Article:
I present to you four different people in the game industry that intend to represent LGBT issues in this piece. From indie devs, to AAA studios, to mobile software, these guys and gals have decided to open up to us, and share their thoughts, feelings, and experiences.

Our panel of developers:

Kate Craig is an environmental artist in Mobile Game Development.

Alex Benevento has studied games and interactivity at University, and is currently a Mobile Software Developer.

Dakko Dakko Ltd. He has also worked at Lionhead Studios (Fable), Q-Games (StarFox Command, PixelJunk Series), and many others. 

Robert Yang is an MFA student at Parsons the New School for Design, where he studies game design and makes indie games.


Andrew: Are you “out” to your co-workers, or is it more “Don’t Ask, Don’t Tell”?

Kate: My coworkers know, and didn’t so much as bat an eyelash when they met my girlfriend. So far, Vancouver has been really lovely in that capacity.

Alex: Completely open. There wasn’t a time where I hid it from my employer or coworkers.  My partner is openly invited to all company get-togethers.  It’s a non-issue here.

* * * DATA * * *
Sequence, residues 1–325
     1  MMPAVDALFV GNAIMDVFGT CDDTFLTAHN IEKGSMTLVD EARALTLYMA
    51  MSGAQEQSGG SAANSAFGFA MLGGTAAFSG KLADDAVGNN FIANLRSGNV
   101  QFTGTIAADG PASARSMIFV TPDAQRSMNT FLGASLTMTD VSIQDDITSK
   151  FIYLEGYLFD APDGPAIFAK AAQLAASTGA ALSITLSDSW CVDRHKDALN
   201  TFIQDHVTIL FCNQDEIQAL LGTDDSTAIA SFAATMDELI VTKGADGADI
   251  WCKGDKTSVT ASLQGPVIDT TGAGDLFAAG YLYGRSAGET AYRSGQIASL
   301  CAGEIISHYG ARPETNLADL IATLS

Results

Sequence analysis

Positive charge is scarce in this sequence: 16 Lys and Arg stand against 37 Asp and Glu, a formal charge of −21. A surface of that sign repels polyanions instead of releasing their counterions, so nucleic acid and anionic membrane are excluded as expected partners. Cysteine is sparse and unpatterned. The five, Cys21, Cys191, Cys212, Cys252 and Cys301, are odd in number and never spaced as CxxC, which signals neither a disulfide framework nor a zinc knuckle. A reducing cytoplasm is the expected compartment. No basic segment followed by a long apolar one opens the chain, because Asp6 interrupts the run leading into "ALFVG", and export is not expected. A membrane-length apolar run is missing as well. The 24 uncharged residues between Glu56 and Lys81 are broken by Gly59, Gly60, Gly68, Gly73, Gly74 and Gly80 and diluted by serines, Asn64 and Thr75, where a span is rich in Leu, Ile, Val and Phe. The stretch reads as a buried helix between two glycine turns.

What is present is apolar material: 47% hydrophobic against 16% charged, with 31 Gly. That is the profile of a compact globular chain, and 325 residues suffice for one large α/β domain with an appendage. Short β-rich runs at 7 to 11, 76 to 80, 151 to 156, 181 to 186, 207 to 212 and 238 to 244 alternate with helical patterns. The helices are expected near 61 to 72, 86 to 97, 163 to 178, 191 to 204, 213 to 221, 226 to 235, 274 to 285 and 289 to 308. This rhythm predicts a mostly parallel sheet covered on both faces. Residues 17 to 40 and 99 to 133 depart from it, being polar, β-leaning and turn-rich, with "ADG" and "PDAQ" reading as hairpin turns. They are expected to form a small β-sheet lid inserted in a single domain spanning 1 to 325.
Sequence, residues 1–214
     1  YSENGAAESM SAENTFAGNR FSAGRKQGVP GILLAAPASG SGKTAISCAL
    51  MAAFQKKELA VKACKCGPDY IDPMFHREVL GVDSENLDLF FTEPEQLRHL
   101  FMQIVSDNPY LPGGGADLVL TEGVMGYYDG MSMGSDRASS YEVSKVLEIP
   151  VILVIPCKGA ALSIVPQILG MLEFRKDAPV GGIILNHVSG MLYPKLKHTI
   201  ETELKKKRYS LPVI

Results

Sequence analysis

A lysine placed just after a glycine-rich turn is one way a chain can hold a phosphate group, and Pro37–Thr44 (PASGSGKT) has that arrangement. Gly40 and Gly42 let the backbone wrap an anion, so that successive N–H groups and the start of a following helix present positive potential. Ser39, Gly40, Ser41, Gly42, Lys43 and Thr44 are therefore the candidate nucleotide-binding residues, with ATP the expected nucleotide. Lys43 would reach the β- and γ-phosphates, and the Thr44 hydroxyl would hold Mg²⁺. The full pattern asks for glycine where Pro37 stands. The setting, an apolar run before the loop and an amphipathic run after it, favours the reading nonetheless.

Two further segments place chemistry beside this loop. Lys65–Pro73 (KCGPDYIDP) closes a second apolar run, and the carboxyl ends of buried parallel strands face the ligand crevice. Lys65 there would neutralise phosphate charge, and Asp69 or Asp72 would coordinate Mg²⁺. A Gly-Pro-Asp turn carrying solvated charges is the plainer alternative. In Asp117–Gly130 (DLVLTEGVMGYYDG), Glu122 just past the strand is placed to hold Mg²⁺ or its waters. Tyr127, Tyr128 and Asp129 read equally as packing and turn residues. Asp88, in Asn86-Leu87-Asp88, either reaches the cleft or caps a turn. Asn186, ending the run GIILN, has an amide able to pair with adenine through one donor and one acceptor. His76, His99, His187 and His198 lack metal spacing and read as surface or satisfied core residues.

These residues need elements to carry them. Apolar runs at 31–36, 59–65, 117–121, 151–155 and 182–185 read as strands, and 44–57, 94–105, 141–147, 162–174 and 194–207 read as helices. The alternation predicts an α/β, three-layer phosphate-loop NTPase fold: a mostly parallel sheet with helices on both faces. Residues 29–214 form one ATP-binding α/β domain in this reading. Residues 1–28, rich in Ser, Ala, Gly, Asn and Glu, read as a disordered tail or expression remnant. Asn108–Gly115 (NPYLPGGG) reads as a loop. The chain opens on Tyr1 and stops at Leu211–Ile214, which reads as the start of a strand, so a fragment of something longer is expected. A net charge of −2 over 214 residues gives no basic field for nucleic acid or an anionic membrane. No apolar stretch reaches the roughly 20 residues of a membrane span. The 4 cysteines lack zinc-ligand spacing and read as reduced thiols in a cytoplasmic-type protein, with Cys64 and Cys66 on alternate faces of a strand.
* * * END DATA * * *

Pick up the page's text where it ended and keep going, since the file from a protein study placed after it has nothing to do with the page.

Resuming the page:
Rhodri: It’s completely open, although it rarely comes up.


Andrew: Have you ever felt persecuted or treated differently by your peers (Industry, LGBT, Friends, Etc)?

Kate: Never persecuted, but there was a time a dev told me that since we’d met, I’d changed the way he viewed the gay community in a positive way. I think I was a little caught off guard at the time. It’s an intimidating prospect to think you may accidentally be representing an entire group of people in some situations.

Alex: Not really, no. I can’t remember anyone taking issue with me. Maybe I’ve just been lucky. Perhaps the reason is that my lifestyle isn’t like any LGBT stereotypes portrayed by media. I like some sports; I’m a developer, so I’m a bit geeky, I like going out occasionally and having a drink or two – just normal, boring stuff. My lifestyle isn’t connected to my sexuality, if that makes sense. The fact that I’m partnered to a man has no bearing on how I conduct myself.

Rhodri: Thankfully, no. I can honestly and happily say that wherever I have worked, I have never received anything but respect or indifference towards my gayness, both of which are fine by me!